Some emotions suppress lymphocyte (immune) function, others may enhance it.

All the neuropeptides have a similar molecular structure, with subtle differences in the tertiary structure, meaning that only the frequency and amplitude at which each molecule oscillates (wavelike vibrations of electrons in each molecule), differ. Neuropeptides change configuration (like a chameleon) due to emotional influence, according to specific thoughts and emotions. Depending on the thoughts and emotions, specific neuropeptides are made in the brain and nervous system, white blood cells, reproductive system, digestive system and heart, to name but a few. They form a two-way network between psyche and soma, mind and body.

The complicated and complex communication network between cells, neurotransmitters, neuropeptides, hormones, immune system, blood and nerves, demands a remarkable orchestration of effective communication and integration of form and function, for the body-mind to work as one healthy, balanced and integrated whole. Pert describes the mysterious energy connecting body to mind & emotions as the free flow of information carried by the biochemical of emotion: neuropeptides and their receptors – the information substances. The strong link between emotional responses and the biochemical change they produce specifically in the immune system forms the basis of the field known as psycho-neuro-immunology or PNI. Cortisol secreted during long term stress, plays a role in immune suppression. Structural changes in the neuropeptides play a role in immune incompetence. Pert says: “it is possible now to conceive of mind and consciousness as an emanation of emotional information processing, and as such, mind and consciousness would appear to be independent from brain and body.”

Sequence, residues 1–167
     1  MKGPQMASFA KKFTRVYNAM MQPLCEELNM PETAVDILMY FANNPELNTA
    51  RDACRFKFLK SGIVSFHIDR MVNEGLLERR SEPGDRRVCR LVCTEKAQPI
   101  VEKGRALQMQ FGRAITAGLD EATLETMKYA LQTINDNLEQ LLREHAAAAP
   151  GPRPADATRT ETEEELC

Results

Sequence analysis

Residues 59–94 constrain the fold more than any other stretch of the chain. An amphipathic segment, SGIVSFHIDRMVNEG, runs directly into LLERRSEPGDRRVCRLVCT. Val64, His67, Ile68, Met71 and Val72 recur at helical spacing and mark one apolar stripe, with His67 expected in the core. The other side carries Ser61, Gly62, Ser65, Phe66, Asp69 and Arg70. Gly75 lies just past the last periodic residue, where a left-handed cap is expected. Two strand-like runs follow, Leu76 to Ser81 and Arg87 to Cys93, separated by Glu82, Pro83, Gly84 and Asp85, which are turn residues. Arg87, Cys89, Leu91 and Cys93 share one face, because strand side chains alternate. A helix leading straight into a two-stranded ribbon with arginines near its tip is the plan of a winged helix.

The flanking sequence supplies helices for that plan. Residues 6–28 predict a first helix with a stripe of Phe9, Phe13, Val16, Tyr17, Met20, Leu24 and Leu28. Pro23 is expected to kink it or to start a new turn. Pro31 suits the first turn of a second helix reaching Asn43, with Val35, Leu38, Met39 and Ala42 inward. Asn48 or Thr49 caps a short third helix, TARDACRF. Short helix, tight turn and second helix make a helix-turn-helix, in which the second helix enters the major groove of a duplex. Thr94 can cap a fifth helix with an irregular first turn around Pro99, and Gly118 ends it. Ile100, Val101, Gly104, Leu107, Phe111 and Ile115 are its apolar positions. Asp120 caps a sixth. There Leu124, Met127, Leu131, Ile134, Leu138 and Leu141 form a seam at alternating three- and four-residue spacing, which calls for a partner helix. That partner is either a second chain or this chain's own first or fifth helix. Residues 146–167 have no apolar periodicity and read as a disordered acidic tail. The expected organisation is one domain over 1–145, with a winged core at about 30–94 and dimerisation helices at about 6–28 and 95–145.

molecules of emotion

Frustration – cortical inhibition (Chaos)

Appreciation – cortical facilitation (Coherence)

Notice the heart rate differences based on two very common human emotions. Appreciation leads to a slower, more coherent heart rate. We can choose in any moment to run the gratitude circuitry in our minds.

Let’s simplify the concept by using practical examples. The specific feel-good peptide (e.g. serotonin), bind to its specific receptors on the cell membrane. This sends a ‘feel-good’ message to the inside of the cell, right into the nucleus.

The message influences every function the cell is responsible for, including the expression of the DNA molecule. Now consider the fact that you constantly think of things others have done to harm you; or you feel stressed out and overwhelmed, with unhappy, resentful, angry thoughts and feelings that grow and increase to disproportionate levels every time you think about it. The thoughts become emotions, then the neuropeptides that course through your body-mind, influencing your mood, your cell function and efficacy. Do you think that any cell receiving these messages for 30 years, would still feel like functioning well enough for you to be optimally happy, alive and fully self-actualising to become all you’re meant to be?

I’ll leave you to ponder this question!

Part 2 of this article is all about learning to identify your emotions to take control of your own health and well-being.

Written by Dr Arien van der Merwe.